A Complete Guide to Blowing Up the Starship Enterprise

On ‘Star Trek’ sometimes the only choice is to “Blow Up the Damn Ship!”

Star Trek Beyond might have a tough time surprising audiences with serious twists and turns since its already tipped its hand by showing us the utter destruction of the Starship Enterprise in literally all of the trailers. Should we be upset that this upsetting event has been revealed before we’ve seen the movie? Not at all! Because blowing up the Enterprise is a long-held Star Trek tradition. Here’s the bizarre history, and some little-known facts about Star Trek’s obsession with destroying its favorite spaceship.

Code: 000- DESTRUCT- 0!

If we’re talking about the Enterprise being blown-up “for real,” the first time this was depicted on screen was in Star Trek III: The Search for Spock. Basically, Kirk was in a bind, and did some quick math: he only had five guys to evacuate because Scotty had the ship rigged up on automation, and he knew the Klingon ship they were fighting only had like 12 guys on it. So, he “surrenders” the Enterprise, tells the Klingons to come over, leaves really quick, and blows up the ship. Safe on the surface of the Genesis Planet, as they all look at the Enterprise burning up in the atmosphere, Kirk bemoans his decision saying, “My God Bones, what have I done?”

The 60-second countdown for the 'Enterprise' in 'Star Trek III: The Search for Spock'

Were fans surprised by the sudden death of the Enterprise? After all, Spock had been killed in the previous film. The answer is: no. Nobody was shocked. Just like today’s trailers for Beyond, the first trailer for The Search for Spock shows the Enterprise being destroyed, while the narration tells the audience that this is “the last voyage of the Starship Enterprise.” In the most recent full trailer for Beyond, Chris Pine’s Captain Kirk says something very similar. You knew going into The Search for Spock that the Enterprise was a goner.

The 60’s TV show set a precedent for how this happened: The order in which Kirk, Chekov, and Scotty have to enter in their destruct codes in The Search for Spock are taken straight from the original 1969 episode of the classic series “Let that Be Your Last Battlefield.”

But in 1984, why would Paramount Pictures spoil the surprise of blowing up the Enterprise? According to interviews with producer Harve Bennett, the decision to put the Enterprise destruction in the trailer was made because Star Trek creator Gene Roddenberry had already leaked the destruction of the Enterprise to fans. This is because Roddenberry was totally against blowing up the Enterprise, saying he would have “rather seen the saucer blow up.” But, Harve Bennett defended the decision, claiming he based Kirk’s actions on an early United States naval captain named Oliver Hazard Perry, who famously destroyed his own ship the Niagara in the War of 1812, and lived to fight aboard a separate ship.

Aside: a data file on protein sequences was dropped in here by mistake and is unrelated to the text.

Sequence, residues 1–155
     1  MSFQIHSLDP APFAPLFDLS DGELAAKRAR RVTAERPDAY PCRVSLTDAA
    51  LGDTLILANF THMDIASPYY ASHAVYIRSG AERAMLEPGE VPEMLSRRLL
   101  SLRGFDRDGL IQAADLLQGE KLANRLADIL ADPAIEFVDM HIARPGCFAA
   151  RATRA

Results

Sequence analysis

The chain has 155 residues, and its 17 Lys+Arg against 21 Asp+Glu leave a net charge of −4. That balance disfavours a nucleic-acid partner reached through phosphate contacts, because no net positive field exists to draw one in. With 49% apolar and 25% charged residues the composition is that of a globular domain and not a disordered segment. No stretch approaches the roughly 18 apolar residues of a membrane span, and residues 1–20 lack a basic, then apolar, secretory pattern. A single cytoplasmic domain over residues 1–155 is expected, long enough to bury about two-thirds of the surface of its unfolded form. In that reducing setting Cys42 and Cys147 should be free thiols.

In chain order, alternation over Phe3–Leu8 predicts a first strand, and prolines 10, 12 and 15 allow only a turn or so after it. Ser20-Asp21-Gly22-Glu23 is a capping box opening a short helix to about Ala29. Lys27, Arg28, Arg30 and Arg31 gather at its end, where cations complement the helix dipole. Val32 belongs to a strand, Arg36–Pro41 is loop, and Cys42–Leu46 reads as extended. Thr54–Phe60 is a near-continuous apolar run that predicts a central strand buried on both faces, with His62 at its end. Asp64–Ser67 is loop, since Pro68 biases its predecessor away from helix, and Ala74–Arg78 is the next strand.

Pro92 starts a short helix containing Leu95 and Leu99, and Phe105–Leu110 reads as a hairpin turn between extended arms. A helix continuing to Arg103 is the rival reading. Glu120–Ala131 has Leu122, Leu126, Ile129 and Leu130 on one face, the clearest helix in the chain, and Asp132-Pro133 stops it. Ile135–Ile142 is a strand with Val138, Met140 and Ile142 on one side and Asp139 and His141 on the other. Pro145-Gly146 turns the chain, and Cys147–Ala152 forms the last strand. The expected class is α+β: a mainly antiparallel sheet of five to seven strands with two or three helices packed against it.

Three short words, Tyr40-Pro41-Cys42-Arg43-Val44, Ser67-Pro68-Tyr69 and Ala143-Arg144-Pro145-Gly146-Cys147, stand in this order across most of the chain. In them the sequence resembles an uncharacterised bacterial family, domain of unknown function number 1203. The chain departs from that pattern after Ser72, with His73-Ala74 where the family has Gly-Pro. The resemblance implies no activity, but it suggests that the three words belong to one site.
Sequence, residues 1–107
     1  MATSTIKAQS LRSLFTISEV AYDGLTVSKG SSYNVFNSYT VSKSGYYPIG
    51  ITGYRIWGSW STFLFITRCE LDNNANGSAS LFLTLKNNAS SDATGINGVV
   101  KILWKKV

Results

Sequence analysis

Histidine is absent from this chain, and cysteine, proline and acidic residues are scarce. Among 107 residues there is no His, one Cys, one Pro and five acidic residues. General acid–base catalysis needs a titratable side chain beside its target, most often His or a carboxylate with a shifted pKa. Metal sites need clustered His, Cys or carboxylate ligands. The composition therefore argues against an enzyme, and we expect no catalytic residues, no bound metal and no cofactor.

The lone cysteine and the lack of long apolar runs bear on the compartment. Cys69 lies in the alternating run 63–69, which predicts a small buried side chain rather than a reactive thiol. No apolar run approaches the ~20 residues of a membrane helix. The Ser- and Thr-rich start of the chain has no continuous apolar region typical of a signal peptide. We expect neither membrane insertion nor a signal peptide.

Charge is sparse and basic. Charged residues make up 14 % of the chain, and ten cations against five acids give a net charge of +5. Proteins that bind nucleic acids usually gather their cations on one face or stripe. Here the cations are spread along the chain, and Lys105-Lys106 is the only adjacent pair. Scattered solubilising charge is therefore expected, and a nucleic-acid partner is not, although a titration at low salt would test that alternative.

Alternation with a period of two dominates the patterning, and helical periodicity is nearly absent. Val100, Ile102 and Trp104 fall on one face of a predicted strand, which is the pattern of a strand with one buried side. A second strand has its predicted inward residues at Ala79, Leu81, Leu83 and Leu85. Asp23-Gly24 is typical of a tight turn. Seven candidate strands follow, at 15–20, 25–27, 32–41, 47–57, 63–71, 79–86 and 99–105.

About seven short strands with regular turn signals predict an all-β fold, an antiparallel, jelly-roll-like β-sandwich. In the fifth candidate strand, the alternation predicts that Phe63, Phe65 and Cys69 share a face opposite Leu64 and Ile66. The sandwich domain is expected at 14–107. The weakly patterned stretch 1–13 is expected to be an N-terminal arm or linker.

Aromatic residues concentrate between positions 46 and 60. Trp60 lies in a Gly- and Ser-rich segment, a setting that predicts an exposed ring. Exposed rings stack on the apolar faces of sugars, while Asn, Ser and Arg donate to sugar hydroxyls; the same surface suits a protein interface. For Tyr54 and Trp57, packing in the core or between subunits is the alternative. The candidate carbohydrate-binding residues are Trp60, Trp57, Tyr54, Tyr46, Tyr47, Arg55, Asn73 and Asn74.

In the final film, when the saucer does blow up, special effects house Industrial Light and Magic used a stock explosion from The Empire Strikes Back, meaning the Star Wars franchise was literally helping destroy the Enterprise back in 1984.

Jean-Luc, Blow up the Damn Ship!

In 1994, when the cast of the TV series The Next Generation made their big-screen debut in the film Star Trek Generations, the first thing they did (other than killing Kirk) was to blow up AND crash-land their version of the Enterprise, the Enterprise-D. In this scenario, Captain Picard isn’t around, and Commander Riker is running the show. After a battle with a Klingon Bird-of-Prey (the exact make and model of Klingon ship that bested the old Enterprise, WTF?) the ship is headed for a warp-core breach, which basically means that the engine is going to overheat and blow-up everything.

Here, the destruction of the ship isn’t intentional, per se, but instead we’re dealing with the evacuation of the entire crew into the saucer section, and the subsequent crash of basically half the Enterprise into the planet below. The Enterprise separated itself a lot on The Next Generation, and apparently, writers Ronald D. Moore and Brannon Braga actually wanted to crash the saucer section into the planet during the run of the TV show as a big cliffhanger. But according to Moore, the producers “hated that story for a cliffhanger and we tossed it aside, but when we were doing the movie, the crash of the saucer was one of the first things Brannon and I came to [producer] Rick [Berman] with.”